The audience and the outcome

If you want to create something for money, there’s an easy framework for quickly figuring out all the decisions you need to make in order to go from start to finish:

  1. Who it’s specifically for.
  2. What the intended outcome is.

That’s it. Those two points can guide your development plan, your launch strategy, your content marketing, everything.

If you’re not sure who you’re making something for, you’re bound to try to fill it with too many things. “What if teachers need this? And developers? And doctors? And construction workers? And…” AND STOP IT.

Make what you’re making for one specific, narrow group of people. A group that has common pains and is motivated similarly to fix those pains. That’s it. Expand later, if you even want to at that point (with another product or a separate and later launch).

Think about this. Say you’re making an online course about email marketing and you’ve got a lesson on getting people to sign up for a mailing list. Now, consider who your course is for. If it’s broad, you’ll have to abstract your lesson out so far that it’s not very actionable or valuable because you’re considering how teachers, developers, doctors and construction workers could use the information. You also have to consider teachers, developers, doctors and construction workers when marketing/pitching your course. Your content for your sales page and lessons is now 4x longer.

A specific audience should guide your decision making, like alaser beam. As in, if your email marketing course is for construction workers, you only need to consider them in what you’re creating, teaching and marketing.

Narrowing in on who your product is for is scary because, HOLY SHIT, now it’s not for EVERYONE ELSE. It may seem like you’re leaving money on the table too – money from those teachers, developers and doctors (all of whom, in your mind, are rich and eager). If only you’d have considered them as well, you’d be 4x richer! 4x more money fights! 4x bigger yachts! But math (and life) doesn’t work that way, because the less focus there is on what you’ve made, the less people will be interested in actually buying it.

Thankfully, having a specific audience means you only need to consider one, small group of people. And focusing on that specific group helps you make decisions quickly. What lessons to include? Easy, only the lessons that include the most useful knowledge for construction workers. What to say on your sales page? Easy, just the points that construction workers would care about if they wanted to take an email marketing course.

Getting specific isn’t just good for selling products. It’s also good for momentum because it’s the lens through which all your creation decisions can be made. If an idea or portion of what you’re considering you want to make doesn’t fit or benefit that one specific group, then it’s easy to leave out.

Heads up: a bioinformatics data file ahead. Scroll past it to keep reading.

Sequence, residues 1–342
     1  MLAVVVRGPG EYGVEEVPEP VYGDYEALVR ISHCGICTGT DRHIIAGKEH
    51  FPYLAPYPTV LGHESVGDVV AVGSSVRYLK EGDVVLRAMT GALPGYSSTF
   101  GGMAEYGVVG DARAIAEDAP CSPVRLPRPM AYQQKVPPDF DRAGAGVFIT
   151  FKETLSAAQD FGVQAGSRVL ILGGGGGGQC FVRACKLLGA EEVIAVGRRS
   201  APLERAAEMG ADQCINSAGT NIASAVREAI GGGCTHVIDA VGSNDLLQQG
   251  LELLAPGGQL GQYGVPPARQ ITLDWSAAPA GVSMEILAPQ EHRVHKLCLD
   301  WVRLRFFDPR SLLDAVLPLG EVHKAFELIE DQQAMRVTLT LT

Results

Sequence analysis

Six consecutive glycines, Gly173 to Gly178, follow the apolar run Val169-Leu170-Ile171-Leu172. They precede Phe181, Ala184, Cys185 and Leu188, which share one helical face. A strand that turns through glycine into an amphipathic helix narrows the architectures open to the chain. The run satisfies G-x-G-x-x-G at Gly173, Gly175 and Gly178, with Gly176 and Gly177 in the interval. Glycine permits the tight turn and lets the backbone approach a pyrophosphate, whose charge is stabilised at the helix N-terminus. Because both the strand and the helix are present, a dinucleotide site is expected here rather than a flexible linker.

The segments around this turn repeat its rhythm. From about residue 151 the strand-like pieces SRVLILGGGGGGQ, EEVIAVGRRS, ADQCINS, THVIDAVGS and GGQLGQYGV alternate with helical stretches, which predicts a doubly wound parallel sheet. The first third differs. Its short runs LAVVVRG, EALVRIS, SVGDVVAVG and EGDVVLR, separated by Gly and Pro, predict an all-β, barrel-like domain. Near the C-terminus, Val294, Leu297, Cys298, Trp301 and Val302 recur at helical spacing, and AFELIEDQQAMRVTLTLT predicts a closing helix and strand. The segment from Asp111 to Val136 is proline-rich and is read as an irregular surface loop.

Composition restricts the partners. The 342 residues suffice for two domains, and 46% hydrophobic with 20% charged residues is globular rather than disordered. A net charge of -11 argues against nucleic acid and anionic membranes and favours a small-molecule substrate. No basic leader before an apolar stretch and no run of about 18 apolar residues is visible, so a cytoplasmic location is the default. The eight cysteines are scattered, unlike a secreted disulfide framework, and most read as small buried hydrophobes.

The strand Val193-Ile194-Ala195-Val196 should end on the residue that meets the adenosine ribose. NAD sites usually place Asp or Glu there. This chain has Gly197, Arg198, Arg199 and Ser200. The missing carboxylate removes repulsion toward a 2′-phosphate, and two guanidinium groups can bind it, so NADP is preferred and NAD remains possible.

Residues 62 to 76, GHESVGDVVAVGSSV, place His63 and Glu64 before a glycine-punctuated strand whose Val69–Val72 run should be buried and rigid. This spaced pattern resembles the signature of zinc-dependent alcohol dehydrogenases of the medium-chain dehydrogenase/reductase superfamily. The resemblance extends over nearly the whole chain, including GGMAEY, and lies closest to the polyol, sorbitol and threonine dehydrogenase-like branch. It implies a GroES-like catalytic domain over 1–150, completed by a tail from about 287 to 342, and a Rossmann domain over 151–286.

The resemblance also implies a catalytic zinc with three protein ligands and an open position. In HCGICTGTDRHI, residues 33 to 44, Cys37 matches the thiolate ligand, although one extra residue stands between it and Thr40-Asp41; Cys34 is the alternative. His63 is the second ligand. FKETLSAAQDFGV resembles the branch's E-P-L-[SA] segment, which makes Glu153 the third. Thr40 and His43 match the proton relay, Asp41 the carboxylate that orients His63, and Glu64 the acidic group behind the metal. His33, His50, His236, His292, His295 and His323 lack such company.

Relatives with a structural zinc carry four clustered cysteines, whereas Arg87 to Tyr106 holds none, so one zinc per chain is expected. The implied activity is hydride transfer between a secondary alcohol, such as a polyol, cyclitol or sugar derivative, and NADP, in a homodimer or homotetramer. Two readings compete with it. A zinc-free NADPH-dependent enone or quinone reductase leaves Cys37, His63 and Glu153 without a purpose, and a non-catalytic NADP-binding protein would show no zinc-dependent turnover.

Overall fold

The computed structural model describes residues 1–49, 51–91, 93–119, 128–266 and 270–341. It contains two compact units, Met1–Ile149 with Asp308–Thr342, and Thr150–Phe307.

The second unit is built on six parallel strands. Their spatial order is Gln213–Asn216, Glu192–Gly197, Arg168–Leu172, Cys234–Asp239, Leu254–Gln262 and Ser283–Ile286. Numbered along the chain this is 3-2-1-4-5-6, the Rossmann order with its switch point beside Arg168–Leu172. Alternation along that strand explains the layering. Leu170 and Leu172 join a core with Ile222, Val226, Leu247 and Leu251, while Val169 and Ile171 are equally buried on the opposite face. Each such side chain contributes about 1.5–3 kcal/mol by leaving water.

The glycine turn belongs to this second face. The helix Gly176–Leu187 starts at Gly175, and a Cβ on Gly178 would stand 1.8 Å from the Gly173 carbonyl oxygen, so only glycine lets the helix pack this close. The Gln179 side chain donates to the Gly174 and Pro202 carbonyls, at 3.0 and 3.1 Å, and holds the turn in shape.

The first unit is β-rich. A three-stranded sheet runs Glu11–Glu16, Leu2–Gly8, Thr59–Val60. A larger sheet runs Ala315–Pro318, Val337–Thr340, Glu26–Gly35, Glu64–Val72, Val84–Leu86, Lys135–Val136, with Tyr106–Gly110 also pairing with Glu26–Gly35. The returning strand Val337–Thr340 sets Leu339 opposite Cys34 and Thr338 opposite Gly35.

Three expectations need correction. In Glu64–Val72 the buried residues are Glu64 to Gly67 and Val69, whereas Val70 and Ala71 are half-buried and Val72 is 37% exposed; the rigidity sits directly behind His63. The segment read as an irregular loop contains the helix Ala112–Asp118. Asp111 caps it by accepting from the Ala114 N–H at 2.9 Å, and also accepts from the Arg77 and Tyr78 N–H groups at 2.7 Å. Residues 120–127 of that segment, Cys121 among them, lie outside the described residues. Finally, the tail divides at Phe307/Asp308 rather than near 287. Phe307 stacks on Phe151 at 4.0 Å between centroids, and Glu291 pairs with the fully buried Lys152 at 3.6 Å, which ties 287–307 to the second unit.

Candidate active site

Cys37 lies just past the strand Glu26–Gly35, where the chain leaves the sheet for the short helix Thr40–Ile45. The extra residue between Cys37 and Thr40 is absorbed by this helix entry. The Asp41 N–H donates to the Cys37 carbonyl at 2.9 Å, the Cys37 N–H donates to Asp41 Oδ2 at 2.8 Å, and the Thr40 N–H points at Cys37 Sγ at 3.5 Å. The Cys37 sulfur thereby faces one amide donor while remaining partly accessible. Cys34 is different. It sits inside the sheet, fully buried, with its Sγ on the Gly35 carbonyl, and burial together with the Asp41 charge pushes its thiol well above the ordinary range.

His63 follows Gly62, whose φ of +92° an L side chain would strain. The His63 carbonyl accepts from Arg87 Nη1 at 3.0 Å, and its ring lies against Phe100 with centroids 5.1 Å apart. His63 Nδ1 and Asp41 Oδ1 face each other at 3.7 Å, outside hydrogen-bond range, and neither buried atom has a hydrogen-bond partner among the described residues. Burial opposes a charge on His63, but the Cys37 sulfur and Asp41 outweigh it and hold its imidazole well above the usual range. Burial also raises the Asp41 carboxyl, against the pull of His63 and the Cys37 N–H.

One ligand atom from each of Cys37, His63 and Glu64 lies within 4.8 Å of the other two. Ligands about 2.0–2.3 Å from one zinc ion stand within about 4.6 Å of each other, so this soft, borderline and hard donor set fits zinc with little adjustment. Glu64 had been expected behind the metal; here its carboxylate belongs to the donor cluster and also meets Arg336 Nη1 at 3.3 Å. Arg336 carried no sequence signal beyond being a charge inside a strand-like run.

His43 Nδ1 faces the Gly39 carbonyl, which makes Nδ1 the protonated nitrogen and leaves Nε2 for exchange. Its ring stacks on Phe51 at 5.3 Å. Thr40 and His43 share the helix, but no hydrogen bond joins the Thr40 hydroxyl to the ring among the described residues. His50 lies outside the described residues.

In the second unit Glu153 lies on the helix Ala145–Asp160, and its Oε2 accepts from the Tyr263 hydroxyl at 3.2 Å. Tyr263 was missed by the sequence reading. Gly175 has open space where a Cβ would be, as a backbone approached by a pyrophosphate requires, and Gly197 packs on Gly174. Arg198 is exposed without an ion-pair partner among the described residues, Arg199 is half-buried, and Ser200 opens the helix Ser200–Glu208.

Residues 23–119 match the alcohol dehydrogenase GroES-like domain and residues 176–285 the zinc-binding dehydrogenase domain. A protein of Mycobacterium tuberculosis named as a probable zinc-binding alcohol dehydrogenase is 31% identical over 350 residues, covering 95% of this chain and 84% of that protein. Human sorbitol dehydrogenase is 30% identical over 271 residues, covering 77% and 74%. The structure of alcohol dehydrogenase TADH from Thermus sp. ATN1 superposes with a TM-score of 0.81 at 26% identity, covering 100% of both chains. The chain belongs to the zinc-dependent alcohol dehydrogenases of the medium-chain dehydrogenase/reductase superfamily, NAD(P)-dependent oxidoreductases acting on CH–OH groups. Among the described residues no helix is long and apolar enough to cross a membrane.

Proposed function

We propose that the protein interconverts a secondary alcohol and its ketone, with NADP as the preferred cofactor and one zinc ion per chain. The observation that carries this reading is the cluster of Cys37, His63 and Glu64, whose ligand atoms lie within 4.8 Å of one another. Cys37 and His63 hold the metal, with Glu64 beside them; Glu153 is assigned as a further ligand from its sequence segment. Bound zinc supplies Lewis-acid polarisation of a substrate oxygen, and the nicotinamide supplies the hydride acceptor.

Now, let’s consider outcomes.

It may sound like shady or insincere “marketing speak” but the only way to sell what you’ve created is by telling people what their life will look like after they’ve consumed what you’ve made. This is a good thing, not marketing thought leader bullshit because the outcome is the whole reason you made the thing in the first place.

You made what you made because you want to help people learn how to do something better or help them accomplish something. And focusing on this is how you sell your creation.

Let’s look at an example: What statement seems more powerful to someone on the fence about buying your construction worker email marketing course?

“Learn segmentation, automation, onboarding, funnels and A/B reports.”


“Using MailChimp costs you money. Knowing how to use MailChimp’s features properly will make you money.”

The latter seems better, because it focuses on what a student will be or have once they’ve purchased the course – in this case, money! The former is just a list of things in the course – if you don’t know email marketing, you’ll be like, “WHAT THE HELL ARE THOSE WORDS, AND WHY SHOULD I CARE?!” It’s also boring, since there’s no connection between what those topics will do for you, the person potentially interested in the course.

Focusing on outcomes is also useful because people need the dots connected. You know why what you’ve made is valuable because you made it. You know this stuff inside and out. But newbies, beginners and currently uninformed folks don’t necessarily see the relationship between what you’ve created and how it will help them. That’s why you need to show them. Not because they’re stupid, but simply because you want to take them from beginner to expert (like you). This happens when the dots get connected. When you show construction workers specifically how and why email marketing will help their bottom line – and not just a bunch of buzzwords that are included in the course.

Who is it for? What will they get out of it?

When every product you create, every decision you make and every launch you have considers those two points, getting what you’ve made out there is faster and easier. And thinking about who it’s for and what the outcome is will hopefully net you more than 4x the return. You can always make an email marketing course (or whatever you’re going to make) for teachers, developers and doctors next. From your 4x bigger yacht.